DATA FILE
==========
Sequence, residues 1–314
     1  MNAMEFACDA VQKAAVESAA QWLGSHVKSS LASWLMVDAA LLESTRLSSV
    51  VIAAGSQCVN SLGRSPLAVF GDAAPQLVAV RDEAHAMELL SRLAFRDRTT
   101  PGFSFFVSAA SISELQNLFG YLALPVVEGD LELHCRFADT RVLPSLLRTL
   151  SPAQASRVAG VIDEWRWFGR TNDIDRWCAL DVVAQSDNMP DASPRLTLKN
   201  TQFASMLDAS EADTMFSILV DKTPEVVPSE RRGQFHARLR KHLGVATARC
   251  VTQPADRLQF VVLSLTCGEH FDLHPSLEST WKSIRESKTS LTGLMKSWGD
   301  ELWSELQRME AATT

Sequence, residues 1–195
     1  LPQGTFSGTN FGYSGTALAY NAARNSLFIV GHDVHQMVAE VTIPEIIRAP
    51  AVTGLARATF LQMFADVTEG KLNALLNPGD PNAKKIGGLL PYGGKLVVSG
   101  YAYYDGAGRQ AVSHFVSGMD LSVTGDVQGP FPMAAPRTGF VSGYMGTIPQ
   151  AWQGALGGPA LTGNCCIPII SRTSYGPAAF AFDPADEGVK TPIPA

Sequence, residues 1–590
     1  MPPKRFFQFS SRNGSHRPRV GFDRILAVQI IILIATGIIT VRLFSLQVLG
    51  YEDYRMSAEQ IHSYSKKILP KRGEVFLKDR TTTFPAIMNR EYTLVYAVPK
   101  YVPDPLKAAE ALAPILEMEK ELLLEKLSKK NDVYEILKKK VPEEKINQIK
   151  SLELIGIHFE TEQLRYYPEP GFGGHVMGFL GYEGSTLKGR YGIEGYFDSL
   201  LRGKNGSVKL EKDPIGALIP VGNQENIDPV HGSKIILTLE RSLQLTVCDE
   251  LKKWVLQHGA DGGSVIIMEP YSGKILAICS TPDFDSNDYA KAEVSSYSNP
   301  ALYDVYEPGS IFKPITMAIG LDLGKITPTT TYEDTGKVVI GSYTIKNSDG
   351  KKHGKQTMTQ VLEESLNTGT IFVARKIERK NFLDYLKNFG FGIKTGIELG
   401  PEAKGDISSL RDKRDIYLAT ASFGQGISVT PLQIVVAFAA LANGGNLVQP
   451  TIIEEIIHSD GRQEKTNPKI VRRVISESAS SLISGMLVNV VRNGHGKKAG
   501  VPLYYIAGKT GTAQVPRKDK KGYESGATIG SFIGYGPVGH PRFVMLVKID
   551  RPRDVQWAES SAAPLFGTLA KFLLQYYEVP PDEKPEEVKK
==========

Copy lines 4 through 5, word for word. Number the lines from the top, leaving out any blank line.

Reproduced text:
   101  PGFSFFVSAA SISELQNLFG YLALPVVEGD LELHCRFADT RVLPSLLRTL
   151  SPAQASRVAG VIDEWRWFGR TNDIDRWCAL DVVAQSDNMP DASPRLTLKN